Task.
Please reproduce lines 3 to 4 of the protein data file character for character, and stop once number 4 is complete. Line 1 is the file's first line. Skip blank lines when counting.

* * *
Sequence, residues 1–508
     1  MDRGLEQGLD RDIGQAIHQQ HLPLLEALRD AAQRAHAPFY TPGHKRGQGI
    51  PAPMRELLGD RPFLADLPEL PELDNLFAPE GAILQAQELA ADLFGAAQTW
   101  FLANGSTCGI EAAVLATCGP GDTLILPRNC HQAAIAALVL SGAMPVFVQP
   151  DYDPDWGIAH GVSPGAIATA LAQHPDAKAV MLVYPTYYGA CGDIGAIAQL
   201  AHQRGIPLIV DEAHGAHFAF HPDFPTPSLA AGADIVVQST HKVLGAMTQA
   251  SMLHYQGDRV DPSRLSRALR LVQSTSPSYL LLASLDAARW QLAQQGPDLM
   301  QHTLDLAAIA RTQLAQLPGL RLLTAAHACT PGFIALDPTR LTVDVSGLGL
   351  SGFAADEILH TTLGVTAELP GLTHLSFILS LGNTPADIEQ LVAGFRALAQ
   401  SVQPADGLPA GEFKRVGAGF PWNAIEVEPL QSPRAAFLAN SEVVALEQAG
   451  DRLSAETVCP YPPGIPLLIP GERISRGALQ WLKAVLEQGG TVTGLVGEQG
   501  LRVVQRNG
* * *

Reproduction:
    51  PAPMRELLGD RPFLADLPEL PELDNLFAPE GAILQAQELA ADLFGAAQTW
   101  FLANGSTCGI EAAVLATCGP GDTLILPRNC HQAAIAALVL SGAMPVFVQP